Cummings and Goings!


With the recent goings on in our political world hugely impacting an already difficult time with COVID-19, the drama triangle is an excellent way of making sense of the dynamics between Dominic Cummings, Boris Johnson and us, the public. I won't go into too much detail (if you're interested I recommend reading Suzanne Zeedyk's excellent article:

www.suzannezeedyk.com/the-drama-triangle-helps-make-sense-of-dominic-cummings-story/?fbclid=IwAR1fh3430uwprjDaaCmZslxxcLKWWGINrS_CO1IRxxbxTC7XvI4OS9jCw00).

The Drama Triangle is a dysfunctional model of human interaction originally described by Stephen Karpman. It is used widely in psychotherapy/psychology as it can be easily applied to a wide variety of social situations.

Karpman identified 3 roles as being acted out by people in daily life - Persecutor, Rescuer and Victim. The Persecutor and Rescuer roles appear at the top of the triangle because these roles assume a “one-up” position over others They are ‘more sorted’, better, or smarter. We all have a position on the triangle which is most familiar to us and with which we most identify. This is known as our ‘Starting Gate Position’ (SG) We learn our SG position during our early childhood. However, we can move around the triangle through each position. This movement can happen in a matter of minutes or seconds, many times in a day.

‘Moving on’ essentially means ‘getting off the triangle’. Lynne Forrest, author of ‘The Three Faces of Victim’ explains: ‘Ironically, a main exit way off the triangle is through the persecutor position. This does not mean we become persecutors. It does mean however, that once we decide to get off the triangle, there most likely will be those who see us as persecutors. (”How can you do this to me?”) Once we decide to take self-responsibility and tell our truth, those still on the triangle are likely to accuse us of victimizing them. "How dare you refuse to take care of me," a Victim might cry. Or "What do you mean you don't need my help?" a primary enabler storms when their victim decides to become accountable. In other words, to escape the victim grid, we must be willing to be perceived as the "bad guy." This doesn't make it so, but we must be willing to sit with the discomfort of being perceived as such’.

Rescuers see themselves as ‘helpers’. They are reliant on someone to rescue (victim). It's difficult for Starting Gate Rescuers to recognise themselves as ever being in a victim position - they’re the ones with the answers after all. A Rescuer will help another person whether help is asked for or not, and will feel guilty if they don’t help. By doing this, they keep the person being rescued in the Victim role. Moving on advice for Rescuers - as with Persecutor, self awareness and accountability is the way to move forward. Acknowledge and accept your tendency to rescue others and understand that by rescuing, you are meeting your own needs rather than genuinely helping others. Be aware that changing your position on the triangle does not mean you cannot be loving, generous and kind: it is possible to be supportive without rescuing.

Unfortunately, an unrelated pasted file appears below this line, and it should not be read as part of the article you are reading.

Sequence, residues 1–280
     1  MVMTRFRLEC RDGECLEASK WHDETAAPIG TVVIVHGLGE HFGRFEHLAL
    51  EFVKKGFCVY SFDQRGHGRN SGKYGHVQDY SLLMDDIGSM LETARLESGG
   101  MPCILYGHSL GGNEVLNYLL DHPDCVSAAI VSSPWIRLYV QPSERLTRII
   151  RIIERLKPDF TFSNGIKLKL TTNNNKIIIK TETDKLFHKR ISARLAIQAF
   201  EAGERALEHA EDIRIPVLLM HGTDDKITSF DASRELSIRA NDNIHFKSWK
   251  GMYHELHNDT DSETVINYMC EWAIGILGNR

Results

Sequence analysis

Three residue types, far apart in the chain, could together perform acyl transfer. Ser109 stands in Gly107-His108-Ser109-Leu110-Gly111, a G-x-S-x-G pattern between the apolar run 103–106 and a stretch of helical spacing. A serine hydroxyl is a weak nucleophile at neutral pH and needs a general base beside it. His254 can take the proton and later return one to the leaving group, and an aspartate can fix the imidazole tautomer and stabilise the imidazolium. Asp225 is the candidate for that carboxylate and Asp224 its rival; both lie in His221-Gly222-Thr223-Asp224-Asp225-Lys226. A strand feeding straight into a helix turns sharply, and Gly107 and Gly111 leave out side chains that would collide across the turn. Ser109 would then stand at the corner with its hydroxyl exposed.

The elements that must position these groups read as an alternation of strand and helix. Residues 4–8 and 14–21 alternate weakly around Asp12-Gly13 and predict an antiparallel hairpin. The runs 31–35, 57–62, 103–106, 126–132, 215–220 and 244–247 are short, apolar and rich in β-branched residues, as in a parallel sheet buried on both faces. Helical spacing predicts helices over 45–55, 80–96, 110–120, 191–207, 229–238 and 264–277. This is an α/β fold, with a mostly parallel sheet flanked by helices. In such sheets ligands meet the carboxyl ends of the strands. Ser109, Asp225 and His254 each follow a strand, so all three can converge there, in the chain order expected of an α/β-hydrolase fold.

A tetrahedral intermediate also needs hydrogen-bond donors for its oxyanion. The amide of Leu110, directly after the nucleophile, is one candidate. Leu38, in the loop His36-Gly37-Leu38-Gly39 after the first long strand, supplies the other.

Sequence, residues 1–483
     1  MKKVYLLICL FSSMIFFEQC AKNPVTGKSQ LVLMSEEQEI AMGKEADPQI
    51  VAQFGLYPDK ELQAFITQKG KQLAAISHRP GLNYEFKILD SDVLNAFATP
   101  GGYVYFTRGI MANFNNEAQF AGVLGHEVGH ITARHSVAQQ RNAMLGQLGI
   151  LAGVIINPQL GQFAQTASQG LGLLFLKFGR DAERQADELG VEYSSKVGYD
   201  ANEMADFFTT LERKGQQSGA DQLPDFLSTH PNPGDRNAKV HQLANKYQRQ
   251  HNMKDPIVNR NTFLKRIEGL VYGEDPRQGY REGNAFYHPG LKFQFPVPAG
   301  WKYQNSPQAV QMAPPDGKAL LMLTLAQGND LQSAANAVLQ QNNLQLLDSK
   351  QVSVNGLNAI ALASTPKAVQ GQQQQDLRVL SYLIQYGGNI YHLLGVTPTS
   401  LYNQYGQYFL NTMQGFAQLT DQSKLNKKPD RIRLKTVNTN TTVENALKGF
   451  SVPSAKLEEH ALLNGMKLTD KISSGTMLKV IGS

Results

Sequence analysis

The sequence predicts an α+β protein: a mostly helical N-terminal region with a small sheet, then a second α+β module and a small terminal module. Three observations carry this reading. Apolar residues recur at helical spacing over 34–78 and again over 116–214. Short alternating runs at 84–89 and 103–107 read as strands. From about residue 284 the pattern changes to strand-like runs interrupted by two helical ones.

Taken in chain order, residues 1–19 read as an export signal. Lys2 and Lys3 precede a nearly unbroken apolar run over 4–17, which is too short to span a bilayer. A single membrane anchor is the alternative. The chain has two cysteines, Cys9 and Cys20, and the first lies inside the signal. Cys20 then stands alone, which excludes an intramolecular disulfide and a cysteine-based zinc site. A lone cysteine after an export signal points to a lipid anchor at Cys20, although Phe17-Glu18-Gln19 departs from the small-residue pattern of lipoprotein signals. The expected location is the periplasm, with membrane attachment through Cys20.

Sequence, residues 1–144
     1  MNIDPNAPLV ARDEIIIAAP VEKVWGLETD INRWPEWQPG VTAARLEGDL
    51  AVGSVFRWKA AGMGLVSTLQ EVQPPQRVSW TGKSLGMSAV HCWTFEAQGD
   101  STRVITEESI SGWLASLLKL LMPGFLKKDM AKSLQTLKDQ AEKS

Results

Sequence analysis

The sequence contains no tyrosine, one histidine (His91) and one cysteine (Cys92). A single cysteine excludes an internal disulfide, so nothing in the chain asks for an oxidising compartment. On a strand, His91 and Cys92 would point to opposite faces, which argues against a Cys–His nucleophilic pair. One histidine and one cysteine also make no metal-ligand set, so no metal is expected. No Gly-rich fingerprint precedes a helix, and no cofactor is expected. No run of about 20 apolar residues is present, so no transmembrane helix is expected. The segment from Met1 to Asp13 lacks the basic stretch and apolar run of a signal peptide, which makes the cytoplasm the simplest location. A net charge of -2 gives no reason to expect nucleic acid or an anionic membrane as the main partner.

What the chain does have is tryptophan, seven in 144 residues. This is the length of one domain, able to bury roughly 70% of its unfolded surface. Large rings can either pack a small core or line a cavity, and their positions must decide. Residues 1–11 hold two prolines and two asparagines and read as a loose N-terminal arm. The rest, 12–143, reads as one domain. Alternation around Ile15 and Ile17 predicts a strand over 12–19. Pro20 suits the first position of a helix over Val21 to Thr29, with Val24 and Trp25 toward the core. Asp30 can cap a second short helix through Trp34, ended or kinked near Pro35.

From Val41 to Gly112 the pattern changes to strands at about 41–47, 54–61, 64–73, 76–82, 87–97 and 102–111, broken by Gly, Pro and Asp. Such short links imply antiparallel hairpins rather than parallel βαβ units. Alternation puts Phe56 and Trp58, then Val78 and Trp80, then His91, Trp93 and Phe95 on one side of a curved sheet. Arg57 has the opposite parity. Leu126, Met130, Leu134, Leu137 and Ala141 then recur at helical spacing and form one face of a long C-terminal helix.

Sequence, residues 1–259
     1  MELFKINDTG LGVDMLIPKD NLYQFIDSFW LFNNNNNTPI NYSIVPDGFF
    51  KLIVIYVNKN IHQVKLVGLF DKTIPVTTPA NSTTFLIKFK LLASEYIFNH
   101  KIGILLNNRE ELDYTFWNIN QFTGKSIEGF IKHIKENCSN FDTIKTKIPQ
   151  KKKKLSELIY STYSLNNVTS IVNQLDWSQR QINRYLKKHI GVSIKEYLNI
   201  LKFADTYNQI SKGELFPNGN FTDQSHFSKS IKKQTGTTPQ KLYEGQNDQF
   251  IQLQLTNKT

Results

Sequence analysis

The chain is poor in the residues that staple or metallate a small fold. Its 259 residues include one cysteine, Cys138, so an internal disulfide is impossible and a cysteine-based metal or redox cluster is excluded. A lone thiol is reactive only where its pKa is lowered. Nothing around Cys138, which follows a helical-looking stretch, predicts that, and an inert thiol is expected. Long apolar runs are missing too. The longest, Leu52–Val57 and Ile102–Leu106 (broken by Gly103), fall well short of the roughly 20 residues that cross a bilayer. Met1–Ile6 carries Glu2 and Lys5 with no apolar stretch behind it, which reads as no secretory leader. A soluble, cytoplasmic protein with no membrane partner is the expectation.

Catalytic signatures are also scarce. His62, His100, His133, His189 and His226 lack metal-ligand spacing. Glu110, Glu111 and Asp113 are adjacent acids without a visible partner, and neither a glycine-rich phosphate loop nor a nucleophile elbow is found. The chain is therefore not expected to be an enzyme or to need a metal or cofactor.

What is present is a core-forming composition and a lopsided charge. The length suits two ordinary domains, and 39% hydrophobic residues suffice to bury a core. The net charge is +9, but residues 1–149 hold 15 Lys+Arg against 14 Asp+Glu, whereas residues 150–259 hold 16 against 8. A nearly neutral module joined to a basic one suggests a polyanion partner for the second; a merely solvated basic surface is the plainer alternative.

Persecutors blame and criticise others. They may be in complete denial about their tactics, and may argue that their behaviour is warranted and necessary for self protection. They take a rigid, authoritative stance and, like Rescuers, keep Victims in that role. Moving on advice for Persecutors - self-accountability is the only way off The Drama Triangle. When we stop looking to blame or criticise others and we take self-responsibility for everything in our lives we become free. Unfortunately there usually has to be some kind of breakthrough for them to own their part and because of their great reluctance to do so, it may have to come in the form of crisis.

The Victim lives feeling oppressed, helpless, hopeless, powerless and ashamed. This prevents them from taking responsibility for themselves, their circumstances, and actions. They are often on the lookout for a Rescuer to ‘hook’, who will ultimately compound their negative feelings about themselves. Moving on advice for Victims - victims must learn to take responsibility for themselves, rather than look for someone to do it for them. They need to believe that they can take care of themselves and are resourceful, powerful and able to solve problems. There is only a small handful of individuals within society who are truly unable to look after themselves.

The good news is that it is possible to break free of The Drama Triangle:

Firstly find where you are on the triangle.

Next take responsibility for why you are in this role - you may need to examine your past.

List how could your relationships improve by leaving the triangle?

Take action.

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Cosmos

Counselling in   Liphook, Hampshire.

Amanda J C Croft  FdSc Counselling, BA (Hons), PGCE, RegMBACP (Accredited)

Amanda Croft RegMBACP(Accredited) 

                        

Child, Young Person and Adult Counsellor / Psychotherapist

 

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Tel:  07864 967555

 

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